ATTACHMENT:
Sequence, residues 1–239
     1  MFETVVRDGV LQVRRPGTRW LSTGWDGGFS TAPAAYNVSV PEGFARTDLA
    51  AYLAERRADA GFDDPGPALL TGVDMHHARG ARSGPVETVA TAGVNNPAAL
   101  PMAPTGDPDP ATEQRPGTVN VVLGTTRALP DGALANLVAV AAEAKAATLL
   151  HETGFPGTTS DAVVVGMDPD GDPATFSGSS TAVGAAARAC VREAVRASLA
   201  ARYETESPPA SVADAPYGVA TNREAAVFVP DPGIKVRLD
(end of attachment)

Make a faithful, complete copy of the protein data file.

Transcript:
Sequence, residues 1–239
     1  MFETVVRDGV LQVRRPGTRW LSTGWDGGFS TAPAAYNVSV PEGFARTDLA
    51  AYLAERRADA GFDDPGPALL TGVDMHHARG ARSGPVETVA TAGVNNPAAL
   101  PMAPTGDPDP ATEQRPGTVN VVLGTTRALP DGALANLVAV AAEAKAATLL
   151  HETGFPGTTS DAVVVGMDPD GDPATFSGSS TAVGAAARAC VREAVRASLA
   201  ARYETESPPA SVADAPYGVA TNREAAVFVP DPGIKVRLD